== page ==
Sun Microsystems, Inc. today announced a new java.net community for Linux developers with expanded support for Java technology-based development tools on the Solaris Operating System and Linux and Windows platforms.
“Sun is making Java technology more accessible than ever to the broadest range of developers – from individual to enterprise developers – with an expansive community development and support program,” said Rich Green, vice president, Sun Developer Platforms Group. “At our Linux community portal at linux.java.net, we will strive to create a leading destination for Java technology developers on Linux where they can collaborate and get support for the creation Java technology-based projects for Linux.”
java.net for Linux – Community-Based Collaboration
The new java.net Linux community will be designed to provide a wide variety of facilities and services to Java technology developers who work on or deploy to Linux platforms. Participants in the community will be able to find the software tools and project infrastructure required to support collaborative development projects. The site will provide community-based communication channels such as weblogs, “wikis” and other popular interactive features pioneered on java.net. For more information, send an email to email@example.com.
“The new Linux Community at linux.java.net is a great place for developers who want to explore Java on Linux,” said Linux advocate Chris DiBona. “As Linux continues its explosive growth, the knowledge that java.net conveys becomes increasingly important. This will be an important place to visit if you want to know more about developing and deploying Java solutions on Linux.”
java.net is a popular Web site used by the developer community that expands the Java technology portfolio of applications, tools and services in applied areas of technology and vertical industry solutions. More than 32,000 developers worldwide have joined the java.net collaborative community, and are engaged in almost 700 projects ranging from Java technology-based games development to desktop technologies to enterprise development such as Java Web services.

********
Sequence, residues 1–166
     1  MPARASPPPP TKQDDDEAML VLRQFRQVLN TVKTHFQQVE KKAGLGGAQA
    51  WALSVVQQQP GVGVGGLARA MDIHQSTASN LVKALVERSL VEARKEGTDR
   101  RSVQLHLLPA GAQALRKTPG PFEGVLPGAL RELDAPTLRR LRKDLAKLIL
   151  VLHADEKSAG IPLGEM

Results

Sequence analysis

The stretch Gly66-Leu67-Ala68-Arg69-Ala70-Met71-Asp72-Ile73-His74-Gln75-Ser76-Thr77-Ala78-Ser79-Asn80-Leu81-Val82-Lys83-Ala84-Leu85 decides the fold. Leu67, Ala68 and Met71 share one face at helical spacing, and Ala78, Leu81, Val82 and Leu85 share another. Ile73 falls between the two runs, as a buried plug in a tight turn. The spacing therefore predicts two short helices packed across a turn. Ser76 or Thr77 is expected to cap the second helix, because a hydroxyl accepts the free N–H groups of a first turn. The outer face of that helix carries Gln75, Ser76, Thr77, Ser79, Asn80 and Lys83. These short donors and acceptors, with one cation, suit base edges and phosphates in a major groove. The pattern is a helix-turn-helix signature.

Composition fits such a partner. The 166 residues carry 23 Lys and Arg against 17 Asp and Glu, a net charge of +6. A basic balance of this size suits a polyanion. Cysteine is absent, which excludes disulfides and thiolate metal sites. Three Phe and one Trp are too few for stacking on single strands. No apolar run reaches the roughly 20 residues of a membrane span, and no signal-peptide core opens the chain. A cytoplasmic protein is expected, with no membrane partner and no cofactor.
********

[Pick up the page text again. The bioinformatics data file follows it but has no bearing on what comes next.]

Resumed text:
Sun’s Ongoing Support for Java Developers
Sun’s developer tools product line has a long history of Linux support, allowing developers to create, build and debug applications for Linux as well as the Solaris Operating System and Windows platform environment. Sun fully expects to continue this commitment throughout its product line, including the new Sun Java Studio Enterprise, and the upcoming Sun Java Studio Creator, both of which are scheduled to ship by mid-2004. Other products and technologies that developers rely upon for efficient Linux application development include the current NetBeans 3.5.1 IDE and the upcoming NetBeans 3.6 and Sun Java Studio Mobility. The availability of these exciting new tools offerings for Linux developers will help to speed development of Java applications, and allow for innovation and faster time to market on the Linux platform.
Sun has a clear roadmap designed to support its complete line of development tools on Linux by the end of 2004, including Sun Studio, Sun’s C, C++, and Fortran development environment. It is currently scheduled to give developers features such as: a GUI-based debugger which provides for full multithreaded, multi-process debugging, including applications composed of both Java and C/C++ code; a sophisticated performance analyzer to help identify application performance characteristics including bottlenecks, resource consumption, and code “hot spots;” and the Native Connector Tool, which will easily bind and encapsulate native Linux C/C++ applications and libraries as Java classes.
Last month, the NetBeans IDE community announced a new roadmap for the NetBeans platform, outlining the 3.6 and 4.0 releases. The NetBeans project continues to be a highly popular development technology for Linux developers.
Sun Java Studio Standard 5 update 1 (another member of the Sun Java Studio family), currently shipping and supported on Red Hat Linux 7.2, provides a complete environment for creating Java Web services, and n-tier J2EE applications, and is also tightly integrated with the Sun Java System Application Server 7. Java Studio Standard 5 update 1 is integrated with a sophisticated application framework, based on the Model-View-Controller (MVC) design principle and J2EE patterns. To download the product, visit http://www.sun.com/software/sundev/jde/index.html.